AP (2 in a head-to-head test of two popular cholesterol-lowering statin drugs Lipitor and Crestor both medications worked equally well. Lipitor (atorvastatin) and Crestor (rosuvastatin) both effectively cleared away about substitute for lipitor 1 of artery-clogging plaque in heart patients after two years. Both drugs also lowered LDL, or bad cholesterol, and raised patients good HDL levels. There doesnt seem to be a substantial difference between the two drugs,. Aaron Kesselheim, assistant professor of medicine at Harvard Medical School, told, aBC News. Kesselheim was not involved in the current study. So, how to choose? For many patients, it will likely come down to money: the blockbuster drug Lipitor is about to go generic. Brand-name statins can cost patients some 160 a month. But after the patent on Lipitor expires on Nov. 30, the availability of generic versions could drop its price. The patent on Crestor which goes for about 5 a pill substitute for lipitor wont expire until 2016. The market for Crestor will go close to zero,. Cam Patterson, chief of cardiology at the University of North Carolina-Chapel Hill, predicted in an substitute for lipitor interview with, uSA Today. The new study, led. Stephen Nicholls, clinical director of the Cleveland Clinic Center for Cardiovascular Diagnostics and Prevention, included more than 1,000 patients, average age 57, with coronary artery disease. Participants were randomly assigned to take high substitute for lipitor doses of either Lipitor (80 mg) or Crestor (40 mg) daily for two years. By the end of the study, both groups had significant reductions in the fatty plaque lining their arteries, with few serious side effects. They also had fewer heart attacks, strokes and angioplasty procedures than would typically be seen in patients on less aggressive statin regimens. Doctors have been reluctant to use high doses of statins, but in this study the drugs were safe, well tolerated and had a profound impact on lipid levels, the amount of plaque in vessel walls and the number of cardiovascular events, said Nicholls. On some measures, patients taking Crestor did better than those on Lipitor: LDL levels in the Crestor group dropped to an average.6 mg/dL, compared with.2 mg/dL for patients on Lipitor. Also, more patients taking Crestor (72) than Lipitor (56) saw their LDL levels fall below the 70 mg/dL target set substitute for lipitor for high-risk heart patients.

Generic Name: atorvastatin (a TOR va sta tin brand Names: Lipitor, medically reviewed on August 2, 2017. Lipitor (atorvastatin) belongs to a group of drugs called HMG CoA reductase inhibitors, or "statins." Atorvastatin reduces levels of "bad" cholesterol (low-density lipoprotein, or LDL) and triglycerides in the blood, while increasing levels of "good" cholesterol (high-density lipoprotein, or HDL). Lipitor is used to treat high cholesterol, and to lower the risk of stroke, heart attack, or other heart complications in people with type 2 diabetes, coronary heart disease, or other risk factors. Lipitor is for use in adults and children who are at least 10 years old. You should not take Lipitor if you are pregnant or breast-feeding, or if you have liver disease. Stop taking Lipitor and tell your doctor right away if you become pregnant. Serious drug interactions can occur when certain medicines are used together with Lipitor. Tell each of your healthcare providers about all medicines you use now, and any medicine you start or stop using. In rare cases, atorvastatin can cause a condition that results in the breakdown of skeletal muscle tissue, leading to kidney failure. Call your doctor right away if you have unexplained muscle pain, tenderness, or weakness especially if you also have fever, unusual tiredness, and dark colored urine. Avoid eating foods that are high in fat or cholesterol. Lipitor will not be as effective in lowering your cholesterol if you do not follow a cholesterol-lowering diet plan. Lipitor is only part of a complete program of treatment that also includes diet, exercise, and weight control. Follow your diet, medication, and exercise routines very closely. Before taking this medicine, you should not use Lipitor if you are allergic to atorvastatin, or if you have: liver disease; or if you are pregnant or breast-feeding. Atorvastatin can harm an unborn baby or cause birth defects. Do not use if you are pregnant. Use effective birth control to prevent pregnancy while you are taking this medicine. Atorvastatin may pass into breast milk and could harm a nursing baby. Do not breast-feed while you are taking Lipitor. To make sure this medicine is safe for you, tell your doctor if you have ever had: liver problems; muscle pain or weakness; kidney disease; diabetes; a thyroid disorder; or if you drink more than 2 alcoholic beverages daily. Lipitor can cause a condition that results in the breakdown of skeletal muscle tissue, leading to kidney failure. This condition may be more likely to occur in older adults and in people who have kidney disease or poorly controlled hypothyroidism (underactive thyroid).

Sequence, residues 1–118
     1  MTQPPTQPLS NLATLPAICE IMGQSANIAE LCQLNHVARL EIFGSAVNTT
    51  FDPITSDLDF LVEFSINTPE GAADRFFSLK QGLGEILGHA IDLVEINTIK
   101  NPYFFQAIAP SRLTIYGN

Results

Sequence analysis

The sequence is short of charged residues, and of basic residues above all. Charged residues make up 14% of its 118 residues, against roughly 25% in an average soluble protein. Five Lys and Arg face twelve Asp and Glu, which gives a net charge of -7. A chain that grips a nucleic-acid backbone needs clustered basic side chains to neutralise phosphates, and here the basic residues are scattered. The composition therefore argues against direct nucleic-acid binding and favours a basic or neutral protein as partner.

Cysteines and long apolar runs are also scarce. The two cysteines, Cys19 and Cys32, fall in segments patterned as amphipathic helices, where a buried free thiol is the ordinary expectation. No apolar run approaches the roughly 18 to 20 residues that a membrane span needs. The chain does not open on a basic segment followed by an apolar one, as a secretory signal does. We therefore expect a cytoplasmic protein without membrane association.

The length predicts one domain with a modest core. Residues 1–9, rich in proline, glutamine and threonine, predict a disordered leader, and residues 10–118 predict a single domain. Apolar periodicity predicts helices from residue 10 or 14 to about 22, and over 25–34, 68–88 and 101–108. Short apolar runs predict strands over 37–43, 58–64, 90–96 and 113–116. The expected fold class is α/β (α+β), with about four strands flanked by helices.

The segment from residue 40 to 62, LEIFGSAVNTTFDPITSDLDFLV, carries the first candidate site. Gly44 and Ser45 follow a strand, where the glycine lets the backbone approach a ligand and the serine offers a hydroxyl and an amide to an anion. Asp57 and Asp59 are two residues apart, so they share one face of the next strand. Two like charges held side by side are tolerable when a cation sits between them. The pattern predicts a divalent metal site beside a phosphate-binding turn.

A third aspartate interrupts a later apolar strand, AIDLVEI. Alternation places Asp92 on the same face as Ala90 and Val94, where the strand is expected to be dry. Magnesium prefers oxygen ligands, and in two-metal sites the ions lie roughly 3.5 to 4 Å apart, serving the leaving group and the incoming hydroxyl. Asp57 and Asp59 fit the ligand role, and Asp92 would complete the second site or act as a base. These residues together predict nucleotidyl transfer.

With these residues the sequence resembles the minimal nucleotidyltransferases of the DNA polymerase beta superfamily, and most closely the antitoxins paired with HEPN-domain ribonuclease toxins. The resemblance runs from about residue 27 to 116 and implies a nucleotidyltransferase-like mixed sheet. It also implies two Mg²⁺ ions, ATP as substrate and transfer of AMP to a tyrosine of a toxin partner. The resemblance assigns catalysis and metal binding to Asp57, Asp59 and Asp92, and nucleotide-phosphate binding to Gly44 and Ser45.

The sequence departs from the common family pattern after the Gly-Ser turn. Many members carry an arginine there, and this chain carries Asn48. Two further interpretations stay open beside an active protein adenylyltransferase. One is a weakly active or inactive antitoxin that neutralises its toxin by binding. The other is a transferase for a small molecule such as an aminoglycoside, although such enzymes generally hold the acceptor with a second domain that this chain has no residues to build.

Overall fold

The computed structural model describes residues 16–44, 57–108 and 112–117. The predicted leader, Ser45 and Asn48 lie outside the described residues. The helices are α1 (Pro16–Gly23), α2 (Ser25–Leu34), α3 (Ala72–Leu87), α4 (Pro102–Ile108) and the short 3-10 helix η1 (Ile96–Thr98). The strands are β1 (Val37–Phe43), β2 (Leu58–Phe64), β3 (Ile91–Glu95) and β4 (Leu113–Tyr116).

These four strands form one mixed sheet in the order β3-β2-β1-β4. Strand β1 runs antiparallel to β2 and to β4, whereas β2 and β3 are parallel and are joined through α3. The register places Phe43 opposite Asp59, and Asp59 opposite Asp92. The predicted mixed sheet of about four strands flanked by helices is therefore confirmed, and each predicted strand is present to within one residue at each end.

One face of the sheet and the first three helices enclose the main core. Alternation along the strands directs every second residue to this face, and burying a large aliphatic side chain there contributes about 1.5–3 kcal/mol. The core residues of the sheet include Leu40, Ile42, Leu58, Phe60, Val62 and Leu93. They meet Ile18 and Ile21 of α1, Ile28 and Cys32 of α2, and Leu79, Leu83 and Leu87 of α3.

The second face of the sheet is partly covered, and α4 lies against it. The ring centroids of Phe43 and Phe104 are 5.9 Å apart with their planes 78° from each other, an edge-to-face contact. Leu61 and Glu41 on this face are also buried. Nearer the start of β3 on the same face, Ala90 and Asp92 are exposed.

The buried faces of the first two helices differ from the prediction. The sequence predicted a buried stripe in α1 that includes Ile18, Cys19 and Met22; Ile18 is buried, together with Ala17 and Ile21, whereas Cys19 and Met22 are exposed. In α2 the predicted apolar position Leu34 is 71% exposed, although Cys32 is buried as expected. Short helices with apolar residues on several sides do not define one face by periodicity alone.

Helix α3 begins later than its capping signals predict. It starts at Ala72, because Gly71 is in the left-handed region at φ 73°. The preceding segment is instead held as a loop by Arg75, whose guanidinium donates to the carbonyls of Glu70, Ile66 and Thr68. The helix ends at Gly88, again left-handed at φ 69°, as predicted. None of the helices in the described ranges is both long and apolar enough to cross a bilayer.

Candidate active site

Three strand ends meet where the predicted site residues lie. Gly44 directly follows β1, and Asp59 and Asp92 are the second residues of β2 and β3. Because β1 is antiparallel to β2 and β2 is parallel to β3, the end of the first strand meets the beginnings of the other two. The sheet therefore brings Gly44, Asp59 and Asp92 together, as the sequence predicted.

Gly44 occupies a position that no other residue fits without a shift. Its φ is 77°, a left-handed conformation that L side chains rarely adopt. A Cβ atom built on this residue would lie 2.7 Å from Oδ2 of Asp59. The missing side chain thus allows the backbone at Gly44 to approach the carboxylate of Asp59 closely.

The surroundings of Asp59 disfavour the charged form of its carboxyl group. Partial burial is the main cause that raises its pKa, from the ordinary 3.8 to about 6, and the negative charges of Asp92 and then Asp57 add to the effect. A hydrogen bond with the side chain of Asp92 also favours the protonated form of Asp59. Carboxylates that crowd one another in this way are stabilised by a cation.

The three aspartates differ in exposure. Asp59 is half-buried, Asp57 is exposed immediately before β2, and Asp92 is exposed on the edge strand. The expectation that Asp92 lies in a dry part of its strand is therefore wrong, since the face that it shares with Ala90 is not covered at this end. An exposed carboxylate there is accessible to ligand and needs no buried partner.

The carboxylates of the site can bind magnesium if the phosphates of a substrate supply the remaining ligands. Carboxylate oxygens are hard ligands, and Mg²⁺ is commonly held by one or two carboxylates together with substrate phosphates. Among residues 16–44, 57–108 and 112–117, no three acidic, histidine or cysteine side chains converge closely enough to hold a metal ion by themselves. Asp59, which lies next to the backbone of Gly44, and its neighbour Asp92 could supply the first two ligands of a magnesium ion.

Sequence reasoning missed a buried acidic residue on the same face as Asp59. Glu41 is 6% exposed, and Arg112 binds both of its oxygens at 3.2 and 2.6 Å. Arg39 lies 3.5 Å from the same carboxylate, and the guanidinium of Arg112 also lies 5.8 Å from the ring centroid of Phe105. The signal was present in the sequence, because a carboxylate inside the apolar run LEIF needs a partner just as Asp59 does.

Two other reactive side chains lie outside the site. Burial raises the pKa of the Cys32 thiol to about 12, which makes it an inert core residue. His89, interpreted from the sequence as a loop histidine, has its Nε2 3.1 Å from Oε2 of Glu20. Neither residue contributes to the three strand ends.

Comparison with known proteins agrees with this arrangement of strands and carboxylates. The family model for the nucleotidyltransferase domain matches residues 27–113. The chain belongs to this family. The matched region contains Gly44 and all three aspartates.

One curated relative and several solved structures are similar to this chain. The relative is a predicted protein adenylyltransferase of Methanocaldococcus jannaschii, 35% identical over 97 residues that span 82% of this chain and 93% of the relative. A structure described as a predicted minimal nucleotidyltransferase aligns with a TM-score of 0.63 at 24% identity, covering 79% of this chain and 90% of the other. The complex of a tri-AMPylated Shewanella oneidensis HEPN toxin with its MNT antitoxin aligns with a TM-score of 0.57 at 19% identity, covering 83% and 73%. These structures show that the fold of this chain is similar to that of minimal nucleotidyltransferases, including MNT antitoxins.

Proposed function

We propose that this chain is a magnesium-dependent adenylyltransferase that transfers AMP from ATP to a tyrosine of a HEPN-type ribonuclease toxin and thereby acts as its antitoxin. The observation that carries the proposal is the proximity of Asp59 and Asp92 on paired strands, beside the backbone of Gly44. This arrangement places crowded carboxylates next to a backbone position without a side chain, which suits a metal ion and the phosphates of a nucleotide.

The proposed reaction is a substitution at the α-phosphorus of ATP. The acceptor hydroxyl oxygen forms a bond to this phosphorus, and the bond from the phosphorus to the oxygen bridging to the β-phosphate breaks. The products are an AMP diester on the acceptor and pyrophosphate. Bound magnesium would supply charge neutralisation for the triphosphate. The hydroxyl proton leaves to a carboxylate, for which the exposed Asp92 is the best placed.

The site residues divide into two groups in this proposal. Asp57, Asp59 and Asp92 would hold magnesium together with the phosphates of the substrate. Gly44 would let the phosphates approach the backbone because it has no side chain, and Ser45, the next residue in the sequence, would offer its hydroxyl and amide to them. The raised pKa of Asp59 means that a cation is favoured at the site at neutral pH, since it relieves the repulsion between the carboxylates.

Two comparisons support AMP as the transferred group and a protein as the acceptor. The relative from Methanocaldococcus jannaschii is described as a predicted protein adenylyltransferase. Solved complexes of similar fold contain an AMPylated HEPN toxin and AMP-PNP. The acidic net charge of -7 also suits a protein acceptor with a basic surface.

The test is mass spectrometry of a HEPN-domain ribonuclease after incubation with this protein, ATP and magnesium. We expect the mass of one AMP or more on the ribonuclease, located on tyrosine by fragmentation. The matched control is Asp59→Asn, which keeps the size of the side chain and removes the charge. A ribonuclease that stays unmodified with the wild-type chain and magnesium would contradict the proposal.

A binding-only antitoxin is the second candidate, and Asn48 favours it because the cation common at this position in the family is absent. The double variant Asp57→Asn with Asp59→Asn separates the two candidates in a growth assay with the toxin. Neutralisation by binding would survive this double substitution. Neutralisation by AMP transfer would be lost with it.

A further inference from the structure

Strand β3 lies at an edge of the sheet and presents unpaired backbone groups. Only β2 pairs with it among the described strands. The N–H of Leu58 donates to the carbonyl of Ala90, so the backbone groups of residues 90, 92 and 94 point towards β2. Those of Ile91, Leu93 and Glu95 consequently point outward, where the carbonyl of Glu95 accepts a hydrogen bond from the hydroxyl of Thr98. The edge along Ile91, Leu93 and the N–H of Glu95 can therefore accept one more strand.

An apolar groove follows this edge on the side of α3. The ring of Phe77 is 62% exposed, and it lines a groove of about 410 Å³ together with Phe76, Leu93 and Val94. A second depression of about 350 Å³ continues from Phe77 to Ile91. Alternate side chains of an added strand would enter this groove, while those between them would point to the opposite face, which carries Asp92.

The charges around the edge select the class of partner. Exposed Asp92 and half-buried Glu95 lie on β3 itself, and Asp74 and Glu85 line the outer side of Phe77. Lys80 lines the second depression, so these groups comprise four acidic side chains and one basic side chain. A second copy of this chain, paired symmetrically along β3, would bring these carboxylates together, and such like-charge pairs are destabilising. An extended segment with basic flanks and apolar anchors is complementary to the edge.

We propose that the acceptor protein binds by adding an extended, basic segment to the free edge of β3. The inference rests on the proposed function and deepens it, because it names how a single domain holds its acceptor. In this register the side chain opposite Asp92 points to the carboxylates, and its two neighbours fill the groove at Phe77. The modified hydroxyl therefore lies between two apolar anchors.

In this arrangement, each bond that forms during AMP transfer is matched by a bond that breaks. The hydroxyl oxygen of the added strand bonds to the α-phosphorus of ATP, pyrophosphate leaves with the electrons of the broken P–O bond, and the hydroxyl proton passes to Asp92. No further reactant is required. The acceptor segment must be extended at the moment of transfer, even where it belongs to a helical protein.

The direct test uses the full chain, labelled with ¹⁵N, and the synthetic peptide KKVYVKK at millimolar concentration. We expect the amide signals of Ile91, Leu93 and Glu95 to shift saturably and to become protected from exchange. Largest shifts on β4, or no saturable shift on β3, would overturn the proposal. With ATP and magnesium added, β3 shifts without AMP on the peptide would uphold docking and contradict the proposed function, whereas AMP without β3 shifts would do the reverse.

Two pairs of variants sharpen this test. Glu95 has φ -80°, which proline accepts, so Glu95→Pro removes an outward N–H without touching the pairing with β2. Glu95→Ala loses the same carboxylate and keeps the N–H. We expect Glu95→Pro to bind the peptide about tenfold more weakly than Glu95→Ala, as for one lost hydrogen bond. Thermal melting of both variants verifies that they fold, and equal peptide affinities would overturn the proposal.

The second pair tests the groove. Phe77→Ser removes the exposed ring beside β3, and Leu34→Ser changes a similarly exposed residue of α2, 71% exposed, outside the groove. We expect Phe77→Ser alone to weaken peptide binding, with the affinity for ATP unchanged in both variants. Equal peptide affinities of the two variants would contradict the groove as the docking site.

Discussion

4.6 out of 5
based on 404 votes

Leave a Reply

Your email address will not be published. Required fields are marked *

Copyright © 2018 RENNY JACKSON — Ascension theme by